We talk about posture all the time here at LightSpace, and to educate our clients and blog readers in 2018 we plan to spotlight the classic postural types. Today we’re taking a closer look at an extremely common posture: Kyphosis-Lordosis.
Next time you’re in the studio when instructor Allison Ward is teaching, take a second to look at her alignment and ask her to demonstrate this posture for you. Don’t worry….she is happy to show you! Allison is a classic Kyphosis Hyper-Lordosis. Over the years (almost 10 years now practicing Pilates!) she has really worked hard to find more balance in her posture, so that she looks more like the skeleton on the left rather than the right. Though it’s important to note that during times of stress and fatigue, EVERYONE falls back into their natural posture patterns. We as humans are not perfect all the time! So that’s why it’s a good idea to keep up with your Pilates and QI-LATES practices so that you can easily find balance again in your physical body and energy body when this occurs.
Let’s take a closer look at look at the image. What do these notes mean…? To simplify, the natural curves of the spine, in the lower back and neck, are extra curvy. The knees are hyper-extended and locked. The ankles are stuck in more of a pointed position (plantar flexed – kind of like the high heel or ballet pointe shoe position). Basically, this posture lives more IN FRONT of the plumb line (that vertical line dividing each skeleton), instead of balanced equally in front and in back of the line. Allison spent many many years performing in high-heeled tap shoes, so it’s not surprising that she has had so many issues and injuries to fix related to this posture! High heels send the ankles, legs, and pelvis forward (in front of that plumb line), so among other things, the lower back is forced to compensate for this destabilization by increasing it’s arch. That’s so you can still walk without falling on your face.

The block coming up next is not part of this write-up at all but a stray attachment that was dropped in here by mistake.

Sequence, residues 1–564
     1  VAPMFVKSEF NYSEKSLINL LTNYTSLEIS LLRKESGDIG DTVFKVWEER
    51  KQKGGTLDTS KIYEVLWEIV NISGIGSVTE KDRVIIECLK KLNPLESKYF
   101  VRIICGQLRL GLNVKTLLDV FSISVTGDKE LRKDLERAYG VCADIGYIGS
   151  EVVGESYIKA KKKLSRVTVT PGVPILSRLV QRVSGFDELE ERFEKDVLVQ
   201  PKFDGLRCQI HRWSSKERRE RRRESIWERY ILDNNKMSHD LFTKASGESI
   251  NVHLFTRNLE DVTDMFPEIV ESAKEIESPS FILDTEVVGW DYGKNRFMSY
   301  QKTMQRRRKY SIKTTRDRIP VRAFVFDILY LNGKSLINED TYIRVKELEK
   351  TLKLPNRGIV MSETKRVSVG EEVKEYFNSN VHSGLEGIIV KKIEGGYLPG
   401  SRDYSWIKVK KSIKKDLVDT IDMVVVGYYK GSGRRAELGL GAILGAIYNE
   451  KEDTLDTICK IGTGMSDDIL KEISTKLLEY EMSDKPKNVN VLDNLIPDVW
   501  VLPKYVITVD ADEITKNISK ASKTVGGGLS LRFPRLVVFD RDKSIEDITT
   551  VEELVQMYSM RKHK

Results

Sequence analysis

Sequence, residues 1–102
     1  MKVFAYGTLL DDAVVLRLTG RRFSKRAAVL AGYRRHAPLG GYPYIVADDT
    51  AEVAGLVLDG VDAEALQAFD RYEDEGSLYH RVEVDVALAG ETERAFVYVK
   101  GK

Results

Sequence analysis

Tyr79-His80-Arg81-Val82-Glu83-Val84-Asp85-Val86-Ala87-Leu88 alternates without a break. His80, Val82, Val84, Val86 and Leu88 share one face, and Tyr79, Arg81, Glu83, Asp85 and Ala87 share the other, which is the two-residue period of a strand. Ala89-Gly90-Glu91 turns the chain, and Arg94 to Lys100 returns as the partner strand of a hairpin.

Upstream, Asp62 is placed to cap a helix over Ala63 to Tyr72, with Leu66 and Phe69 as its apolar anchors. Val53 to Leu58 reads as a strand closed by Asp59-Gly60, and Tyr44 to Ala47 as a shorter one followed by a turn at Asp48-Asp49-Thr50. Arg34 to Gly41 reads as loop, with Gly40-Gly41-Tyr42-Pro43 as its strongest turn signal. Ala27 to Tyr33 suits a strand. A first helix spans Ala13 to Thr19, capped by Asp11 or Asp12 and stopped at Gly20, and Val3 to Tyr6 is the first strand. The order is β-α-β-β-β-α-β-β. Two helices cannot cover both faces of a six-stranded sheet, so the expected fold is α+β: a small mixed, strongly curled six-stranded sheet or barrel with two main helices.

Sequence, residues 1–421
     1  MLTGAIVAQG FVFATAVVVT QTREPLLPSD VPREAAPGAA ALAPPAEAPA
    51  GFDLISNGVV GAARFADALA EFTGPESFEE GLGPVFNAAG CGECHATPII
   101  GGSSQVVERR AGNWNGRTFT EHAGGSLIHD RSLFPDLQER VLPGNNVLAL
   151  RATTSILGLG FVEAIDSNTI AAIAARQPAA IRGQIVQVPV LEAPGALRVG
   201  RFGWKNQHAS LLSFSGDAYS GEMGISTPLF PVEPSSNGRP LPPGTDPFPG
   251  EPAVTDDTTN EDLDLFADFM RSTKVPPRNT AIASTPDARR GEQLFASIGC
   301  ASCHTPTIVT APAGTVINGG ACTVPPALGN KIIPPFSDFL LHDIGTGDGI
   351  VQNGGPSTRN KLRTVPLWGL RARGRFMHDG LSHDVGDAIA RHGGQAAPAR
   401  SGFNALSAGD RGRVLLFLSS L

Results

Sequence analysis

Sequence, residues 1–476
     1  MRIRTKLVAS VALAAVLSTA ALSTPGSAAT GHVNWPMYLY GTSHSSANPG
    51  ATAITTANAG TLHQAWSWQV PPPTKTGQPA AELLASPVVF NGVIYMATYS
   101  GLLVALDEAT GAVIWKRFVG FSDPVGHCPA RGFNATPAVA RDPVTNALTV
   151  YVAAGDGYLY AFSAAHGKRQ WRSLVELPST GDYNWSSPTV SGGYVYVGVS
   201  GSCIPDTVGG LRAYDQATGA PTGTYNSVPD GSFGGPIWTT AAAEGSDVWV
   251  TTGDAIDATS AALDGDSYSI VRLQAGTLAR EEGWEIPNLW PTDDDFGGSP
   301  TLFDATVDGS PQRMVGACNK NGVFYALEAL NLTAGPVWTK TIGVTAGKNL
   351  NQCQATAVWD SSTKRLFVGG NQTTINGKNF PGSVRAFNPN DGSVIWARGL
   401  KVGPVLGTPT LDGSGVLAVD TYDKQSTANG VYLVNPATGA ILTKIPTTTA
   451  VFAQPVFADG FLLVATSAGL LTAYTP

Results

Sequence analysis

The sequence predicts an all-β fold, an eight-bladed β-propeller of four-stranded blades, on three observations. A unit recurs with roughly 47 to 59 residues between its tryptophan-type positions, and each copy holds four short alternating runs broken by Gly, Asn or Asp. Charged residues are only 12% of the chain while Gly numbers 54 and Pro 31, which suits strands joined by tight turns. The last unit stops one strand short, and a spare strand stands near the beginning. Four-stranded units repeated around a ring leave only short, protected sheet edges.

Tune in next time for a few pics of Allison doing some of the best Pilates and QI-LATES exercises that she’s found helpful in combatting her Kyphosis Hyper-Lordosis.